Students Create Slingshot Controller For Angry Birds
Michael Harper for redOrbit.com – Your Universe Online
Kids. There’s almost no limit to what they can dream up and accomplish, assuming of course, that they’re able to reach for all the necessary tools and equipment.
If you haven’t noticed, many kids are also a bit distracted by the notion of flinging and slinging some very touchy birds at groups of dastardly, suspiciously colored swine who have guarded themselves in hastily built and less-than-land-worthy shelters.
The Angry Birds can be found anywhere and everywhere: On pillows, T-Shirts, plush dolls, candies and even playing cards.
Odd, in the game, the foul and swine have vendettas against one another and yet, when it’s time to ship some merchandise, the parties are all smiles. I digress….
So, wanting to make the Angry Birds gameplay a little more realistic, or at least a little more tactile, some students from the Copenhagen Institute of Interaction Design (CIID) decided to build a dedicated controller with which to play the game and interact with the birds just before sending their feathers a’flying towards the gangrenous pigs.
Dubbed “Super Angry Birds,” the controller resembles a slingshot of all things, complete with Real Slingshot Action.
In all seriousness, this controller is very cool and is the result of a good bit of difficult mathematics and some hacking.
Say the students: “Super Angry Birds is a force feedback USB controller for Angry Birds that simulates the feeling of a slingshot.”
To use the controller, simply aim the slingshot device at whichever angle you feel is best for destroying the pigs’ habitat, pull back on the Angry Bird (a little tab on top of the slingshot) and let fly.
The students further explain their device on Soundplusdesign.com, saying: “We hacked a motorized fader found in audio mixing consoles to create the force feedback.”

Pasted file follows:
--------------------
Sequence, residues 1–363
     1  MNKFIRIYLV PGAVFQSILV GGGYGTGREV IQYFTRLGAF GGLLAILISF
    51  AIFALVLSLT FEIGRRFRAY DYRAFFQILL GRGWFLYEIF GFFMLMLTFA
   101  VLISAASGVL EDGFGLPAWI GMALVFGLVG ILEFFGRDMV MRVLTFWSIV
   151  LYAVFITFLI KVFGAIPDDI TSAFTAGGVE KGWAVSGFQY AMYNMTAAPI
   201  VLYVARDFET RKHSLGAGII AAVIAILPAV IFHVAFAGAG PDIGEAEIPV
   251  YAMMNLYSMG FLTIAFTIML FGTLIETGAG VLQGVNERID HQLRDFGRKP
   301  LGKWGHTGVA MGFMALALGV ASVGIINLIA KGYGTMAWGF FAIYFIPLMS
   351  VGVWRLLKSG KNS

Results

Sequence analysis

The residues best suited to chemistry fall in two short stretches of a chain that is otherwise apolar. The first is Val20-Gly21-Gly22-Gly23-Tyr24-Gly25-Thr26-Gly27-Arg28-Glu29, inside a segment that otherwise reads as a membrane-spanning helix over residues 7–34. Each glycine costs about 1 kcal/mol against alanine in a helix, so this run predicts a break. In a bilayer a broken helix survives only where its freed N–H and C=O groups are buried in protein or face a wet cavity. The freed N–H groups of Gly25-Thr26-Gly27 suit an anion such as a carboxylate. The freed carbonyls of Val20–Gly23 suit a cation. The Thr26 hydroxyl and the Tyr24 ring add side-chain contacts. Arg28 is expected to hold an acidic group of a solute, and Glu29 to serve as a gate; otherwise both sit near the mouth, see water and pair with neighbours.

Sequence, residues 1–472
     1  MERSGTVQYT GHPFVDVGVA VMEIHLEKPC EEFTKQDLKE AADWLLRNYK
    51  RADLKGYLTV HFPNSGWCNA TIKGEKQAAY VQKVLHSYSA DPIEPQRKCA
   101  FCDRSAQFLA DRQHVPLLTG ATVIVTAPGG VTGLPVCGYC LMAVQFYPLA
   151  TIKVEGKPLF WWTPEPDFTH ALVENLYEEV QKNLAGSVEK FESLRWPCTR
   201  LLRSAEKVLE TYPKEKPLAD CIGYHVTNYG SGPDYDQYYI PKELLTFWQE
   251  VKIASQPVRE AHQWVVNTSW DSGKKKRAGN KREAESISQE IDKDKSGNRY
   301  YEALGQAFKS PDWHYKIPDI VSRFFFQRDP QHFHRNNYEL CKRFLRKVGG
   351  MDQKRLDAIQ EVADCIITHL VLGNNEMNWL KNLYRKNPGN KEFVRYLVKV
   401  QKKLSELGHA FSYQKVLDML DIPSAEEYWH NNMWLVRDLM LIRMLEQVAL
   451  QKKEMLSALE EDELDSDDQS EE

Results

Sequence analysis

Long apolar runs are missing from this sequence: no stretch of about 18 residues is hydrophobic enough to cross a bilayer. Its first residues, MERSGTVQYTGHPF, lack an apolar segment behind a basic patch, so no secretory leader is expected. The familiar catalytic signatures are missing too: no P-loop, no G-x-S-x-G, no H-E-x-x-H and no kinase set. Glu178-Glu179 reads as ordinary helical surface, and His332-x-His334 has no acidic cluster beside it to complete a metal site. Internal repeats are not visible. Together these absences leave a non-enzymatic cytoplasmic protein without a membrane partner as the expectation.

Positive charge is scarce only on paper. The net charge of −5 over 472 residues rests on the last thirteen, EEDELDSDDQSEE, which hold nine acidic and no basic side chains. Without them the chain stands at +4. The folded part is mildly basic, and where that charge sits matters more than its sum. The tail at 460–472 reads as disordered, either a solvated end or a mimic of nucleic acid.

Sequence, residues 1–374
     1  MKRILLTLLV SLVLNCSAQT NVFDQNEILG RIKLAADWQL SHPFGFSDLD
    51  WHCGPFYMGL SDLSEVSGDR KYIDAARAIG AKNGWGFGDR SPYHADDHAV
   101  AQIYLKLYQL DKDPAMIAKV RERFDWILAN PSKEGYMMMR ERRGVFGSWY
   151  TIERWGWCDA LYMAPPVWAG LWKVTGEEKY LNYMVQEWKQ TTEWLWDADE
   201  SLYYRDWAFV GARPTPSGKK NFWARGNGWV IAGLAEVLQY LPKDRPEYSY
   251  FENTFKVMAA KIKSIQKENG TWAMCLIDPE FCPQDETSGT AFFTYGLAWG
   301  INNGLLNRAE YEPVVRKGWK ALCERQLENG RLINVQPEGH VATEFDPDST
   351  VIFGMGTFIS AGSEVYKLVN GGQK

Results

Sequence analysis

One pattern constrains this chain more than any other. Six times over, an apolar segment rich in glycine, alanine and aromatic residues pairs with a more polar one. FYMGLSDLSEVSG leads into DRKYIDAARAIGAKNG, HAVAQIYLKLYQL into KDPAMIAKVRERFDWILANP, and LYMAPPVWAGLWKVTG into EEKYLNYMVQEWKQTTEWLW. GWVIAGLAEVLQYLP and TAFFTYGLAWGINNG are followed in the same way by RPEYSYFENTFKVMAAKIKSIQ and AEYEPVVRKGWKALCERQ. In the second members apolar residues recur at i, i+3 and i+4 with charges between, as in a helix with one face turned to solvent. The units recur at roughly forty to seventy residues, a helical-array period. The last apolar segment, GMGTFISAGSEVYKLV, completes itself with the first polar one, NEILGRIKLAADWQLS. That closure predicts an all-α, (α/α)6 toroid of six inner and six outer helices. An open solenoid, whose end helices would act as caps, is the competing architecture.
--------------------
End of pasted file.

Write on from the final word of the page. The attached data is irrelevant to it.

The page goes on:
“Basically, the way we achieved this is by drawing a force curve and storing the values in a table, then we send the current position of the slider through the table and extract the value to send to the motor that applies an opposing force.”
The team also built their controller on top of a customized Arduino and connect the whole thing by USB. Each part of the controller is covered in Angry Birds themed decor. Even the guts of the thing is housed in a TNT box with Real Plunging Action. The TNT box, by the way, activates each bird’s special powers, be it the speed of the yellow bird, the bomb of the black bird, or the useless egg-laying of the white bird. Not that I’m bitter.
It doesn’t appear as if the CIID team have any plans of selling these things, though given the amount of other Angry Birds licensed merchandise available for parents to buy their iPod Touch-toting children, I’m sure they could make an easy mint if they were able to mass produce this controller.
Credit where credit is due, students Hideaki Matsui and Andrew Spitz are responsible for this project, which they completed in a class on haptics at CIID by Bill Verplank and David Gauthier.
Kids: They really do make the darndest things, don’t they?